Author: Alvin Y H Cheung, NYU
The decision by Hong Kong’s Court of Appeal to drastically and retroactively increase the sentences of activists Joshua Wong, Alex Chow and Nathan Law has prompted widespread international concern. Unsurprisingly, suggestions in international op-ed pages that Hong Kong had created its first political prisoners have prompted a strident public backlash. Commentators ranging from Hong Kong officials and committed Beijing apologists to retired judges and senior members of the legal profession have dismissed suggestions that Hong Kong’s judicial independence has been undermined. Yet the focus of public commentary on the role of the judiciary should not obscure three lingering questions about the future of rule of law in Hong Kong.
First, what sort of law is being applied? Wong, Chow and Law were convicted of an offence under the Public Order Ordinance — an ordinance that violates Hong Kong’s international law obligations to guarantee the right of peaceful assembly. The principles adopted by the Court of Appeal in handing down sentences were also problematic — all three of the English cases invoked by the Court of Appeal involved much more serious violence. More worryingly, the Hong Kong court’s judgment condemned an ‘unhealthy wind’ of civil disobedience — rhetoric more befitting of an op-ed than a judgment.
The legal system in Hong Kong may remain a common law system, but the mere fact that a legal system is based on the common law does not — as Singapore demonstrates — ensure that its substantive content will adequately protect fundamental rights. The increasingly convoluted attempts by Hong Kong officials and mainland Chinese academics to argue that advocating for Hong Kong’s independence is not protected by freedom of expression is further evidence of a concerted push by Beijing to impose an authoritarian common law on Hong Kong.
Second, is the law being applied even-handedly? The court proceedings against protesters and activists suggest a pattern of partisan application of the law by the Department of Justice under Secretary for Justice Rimsky Yuen. The decisions of whether to prosecute, what charges to pursue, and in which court to pursue them — and therefore what sentences are available — are all made by the Department of Justice. So too was the decision to challenge the original sentences imposed on Wong, Chow and Law — a decision that Yuen, who is a political appointee, apparently made in defiance of the advice of senior prosecutors.
Yet the Department of Justice has largely refrained from seeking reviews of other far less severe sentences handed down in respect of violence by police officers and pro-Beijing thugs during the Umbrella Movement. Against that background, Yuen’s dogged pursuit of pro-democracy politicians and activists in a campaign that would disqualify many of them from office due to incarceration or bankruptcy speaks volumes. For Yuen to hide behind claims of ‘judicial independence’ is a repudiation of his Department’s duty to exercise prosecutorial discretion in the public interest.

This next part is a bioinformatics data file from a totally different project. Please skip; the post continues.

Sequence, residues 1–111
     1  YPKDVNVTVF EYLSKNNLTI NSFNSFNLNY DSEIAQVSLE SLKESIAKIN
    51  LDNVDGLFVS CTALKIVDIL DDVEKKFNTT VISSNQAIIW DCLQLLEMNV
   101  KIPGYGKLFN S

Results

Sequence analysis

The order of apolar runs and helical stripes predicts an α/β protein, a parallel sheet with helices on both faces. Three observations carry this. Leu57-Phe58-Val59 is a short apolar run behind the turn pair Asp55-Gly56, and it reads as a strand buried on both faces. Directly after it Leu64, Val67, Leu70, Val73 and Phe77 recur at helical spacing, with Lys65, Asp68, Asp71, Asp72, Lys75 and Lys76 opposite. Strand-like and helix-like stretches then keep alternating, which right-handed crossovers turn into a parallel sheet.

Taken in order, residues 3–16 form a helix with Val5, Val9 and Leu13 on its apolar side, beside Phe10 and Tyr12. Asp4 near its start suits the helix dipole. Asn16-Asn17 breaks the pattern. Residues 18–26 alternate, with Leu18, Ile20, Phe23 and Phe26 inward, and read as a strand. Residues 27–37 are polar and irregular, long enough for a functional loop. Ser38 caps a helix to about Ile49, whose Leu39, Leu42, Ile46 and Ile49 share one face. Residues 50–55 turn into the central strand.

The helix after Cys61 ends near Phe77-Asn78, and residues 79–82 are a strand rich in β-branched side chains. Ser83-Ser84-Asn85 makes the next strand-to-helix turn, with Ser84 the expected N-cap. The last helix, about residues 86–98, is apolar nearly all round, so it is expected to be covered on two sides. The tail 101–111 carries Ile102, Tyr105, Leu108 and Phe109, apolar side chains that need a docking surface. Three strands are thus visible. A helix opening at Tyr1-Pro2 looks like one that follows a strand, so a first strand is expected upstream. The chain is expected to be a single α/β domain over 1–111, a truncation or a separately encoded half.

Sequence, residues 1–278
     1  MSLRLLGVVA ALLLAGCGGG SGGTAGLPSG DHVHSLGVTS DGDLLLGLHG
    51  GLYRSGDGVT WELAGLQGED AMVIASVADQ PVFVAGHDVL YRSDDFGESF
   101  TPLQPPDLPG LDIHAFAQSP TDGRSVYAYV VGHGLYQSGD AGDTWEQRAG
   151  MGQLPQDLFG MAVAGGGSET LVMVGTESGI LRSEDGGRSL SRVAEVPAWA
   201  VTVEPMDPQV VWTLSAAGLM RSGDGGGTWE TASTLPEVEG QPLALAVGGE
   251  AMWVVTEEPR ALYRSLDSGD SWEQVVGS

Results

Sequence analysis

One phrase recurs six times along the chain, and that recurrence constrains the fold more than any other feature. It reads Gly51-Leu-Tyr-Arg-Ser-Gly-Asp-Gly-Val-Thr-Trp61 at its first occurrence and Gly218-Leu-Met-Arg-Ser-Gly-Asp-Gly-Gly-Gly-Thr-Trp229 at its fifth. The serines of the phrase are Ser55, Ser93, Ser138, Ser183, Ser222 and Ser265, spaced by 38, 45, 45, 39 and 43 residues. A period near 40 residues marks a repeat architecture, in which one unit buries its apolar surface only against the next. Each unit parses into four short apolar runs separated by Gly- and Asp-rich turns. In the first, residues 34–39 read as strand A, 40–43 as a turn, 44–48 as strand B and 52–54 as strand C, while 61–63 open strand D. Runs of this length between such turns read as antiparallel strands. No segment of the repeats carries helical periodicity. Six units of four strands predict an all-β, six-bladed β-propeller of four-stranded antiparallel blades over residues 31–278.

Third, does it look like justice is being served? Many of the same commentators who have leapt to the judiciary’s defence on this occasion have not been nearly as vociferous in criticising Beijing’s long-running campaign to bring the city’s judges to heel.
The National People’s Congress Standing Committee has ‘interpreted’ the Basic Law (the city’s constitutional instrument) of its own accord on numerous occasions, short-circuiting pending litigation or even — as with the 2016 ‘interpretation’ relating to oath-taking by legislators-elect — dictating outcomes to Hong Kong courts. Mainland officials and academics have also been quick to ‘other’ Hong Kong’s common law system, declaring it a colonial relic and directing racial attacks at judges not of Chinese descent. Nor has Beijing hesitated in overtly demanding political loyalty from Hong Kong’s judges: it declared them ‘administrators’ in a 2014 White Paper and called for ‘mutual understanding and support’ among the three branches of government. Even if one accepts that political pressure did not influence the Court of Appeal in sentencing Wong, Chow and Law to prison, it would be foolhardy to deny that Beijing has exerted such pressure in the first place.
The refusal of Yuen and of others in the Hong Kong government to face these questions bodes ill for the city’s rule of law. It points to an even more fundamental question: just what is the rule of law in Hong Kong for? Worryingly, Yuen appears to believe that it is only valuable insofar as it is ‘good for business’. Speaking in defence of a part of Hong Kong’s express rail terminus being governed by Chinese mainland law, he declared that ‘Hong Kong’s legal system cannot be allowed to get in the way of progress’. Such a mindset poses a far greater threat to Hong Kong’s rule of law than an op-ed in a Western newspaper.
Alvin Y H Cheung is an Affiliated Researcher at the US–Asia Law Institute at New York University, a JSD student at New York University, and a member of the Progressive Lawyers’ Group in Hong Kong.